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M 22: Trends in Endpoint Selection in Clinical Trials of Advanced Breast Cancer





Poster Presenter

      Seung Yeon Song

      • PhD candidate
      • Chung-Ang University College of Pharmacy
        Korea, Republic of

Objectives

This study aims to evaluate endpoint selection and its shift in trends in phase II and phase III trials of advanced breast cancer treatment.

Method

All phase II and III advanced breast cancer clinical trials registered in ClinicalTrials.gov registry between Oct 2000 and Sep 2012 were included (Cohort A: Oct 2000 to Sep 2007; Cohort B: Oct 2007 to Sep 2012). Primary and secondary outcome measures as well as trial characteristics were extracted. Co-authors: Hyangki Lee, Gyungjin Kim and Ji Hee Yun; Department of Pharmaceutical Industry management, Graduate School, Chung-Ang University, Seoul, Korea; Eun Young Kim, Department of Health, Social and Clinical Pharmacy, Chung-Ang University College of Pharmacy, Seoul, Korea

Results

Of 398 phase II and 120 phase III trials, the most frequently intended primary endpoint was progression-free survival in both phase types (phase II: 28.1%; phase III: 50.0%). For phase II trials, a shifting trend in primary outcome was observed from cohort A to cohort B: use of objective response rate, the most frequently intended primary outcome, significantly declined (cohort A: 60.6%; cohort B: 39.0%; P <.001); while use of progression-free survival significantly increased (cohort A: 17.6%; cohort B: 40.7%; P <.001). For phase III trials, PFS was the most frequently used primary outcome in both cohort groups with a statistically significant increase in frequency (cohort A: 35.9%; cohort B: 66.1%, P < .05). The proportions of trials using each outcome measure also differed by intervention types. For phase II, trials with chemotherpy-only intervention used objective response rate with a relatively higher frequency while those with targeted and/or hormone therapy intervention used progression-free survival more frequently. For phase III trials, similarly, trials with targeted and/or hormone therapy used progression-free survival more frequently.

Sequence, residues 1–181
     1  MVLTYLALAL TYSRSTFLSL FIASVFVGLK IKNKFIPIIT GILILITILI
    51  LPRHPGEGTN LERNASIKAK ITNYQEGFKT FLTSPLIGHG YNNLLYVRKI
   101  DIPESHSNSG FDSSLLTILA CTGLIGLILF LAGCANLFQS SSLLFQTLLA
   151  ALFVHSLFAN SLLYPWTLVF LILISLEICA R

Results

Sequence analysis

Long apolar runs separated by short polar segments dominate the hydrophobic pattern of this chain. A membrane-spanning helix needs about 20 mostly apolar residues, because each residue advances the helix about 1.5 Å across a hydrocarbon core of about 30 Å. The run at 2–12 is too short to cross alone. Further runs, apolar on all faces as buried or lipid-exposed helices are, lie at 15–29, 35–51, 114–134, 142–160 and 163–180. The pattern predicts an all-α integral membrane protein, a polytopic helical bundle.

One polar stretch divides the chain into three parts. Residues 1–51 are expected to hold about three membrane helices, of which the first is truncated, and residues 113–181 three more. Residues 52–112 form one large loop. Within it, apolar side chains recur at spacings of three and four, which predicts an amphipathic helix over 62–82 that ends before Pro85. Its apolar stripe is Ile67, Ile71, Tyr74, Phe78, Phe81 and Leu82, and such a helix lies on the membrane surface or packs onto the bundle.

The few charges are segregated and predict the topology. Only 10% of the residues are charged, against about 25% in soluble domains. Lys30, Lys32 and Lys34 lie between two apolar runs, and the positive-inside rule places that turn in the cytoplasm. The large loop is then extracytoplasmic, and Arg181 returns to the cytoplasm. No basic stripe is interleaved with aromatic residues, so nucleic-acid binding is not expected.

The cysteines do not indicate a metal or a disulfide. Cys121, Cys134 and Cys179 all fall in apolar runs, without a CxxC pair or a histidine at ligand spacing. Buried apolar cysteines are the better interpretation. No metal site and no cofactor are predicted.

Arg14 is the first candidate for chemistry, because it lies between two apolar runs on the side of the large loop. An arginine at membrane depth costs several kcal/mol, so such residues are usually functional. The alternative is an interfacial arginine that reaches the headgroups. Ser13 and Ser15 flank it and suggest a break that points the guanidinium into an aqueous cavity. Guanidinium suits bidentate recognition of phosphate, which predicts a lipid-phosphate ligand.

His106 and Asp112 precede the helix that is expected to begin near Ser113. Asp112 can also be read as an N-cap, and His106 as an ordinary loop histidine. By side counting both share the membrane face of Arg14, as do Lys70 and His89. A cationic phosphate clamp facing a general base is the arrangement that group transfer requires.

Conclusion

Our study assessed endpoint selection in phase II and phase III clinical trials of advanced breast cancer, which was selected as one example of cancer as it affects millions of females around the world. For phase II trials, a decreasing trend for ORR and an increasing one for PFS was observed. Despite ongoing debate over the use of PFS as an endpoint in advanced breast cancer, it was also the most commonly used primary endpoint in phase III trials. To our knowledge, this is the first study to assess endpoint selection in advanced breast cancer clinical trials over a decade of time and as selection of appropriate endpoints is crucial for the success of clinical trials, changing trends should be considered when deciding upon primary and secondary outcomes measures to demonstrate drug efficacy and safety.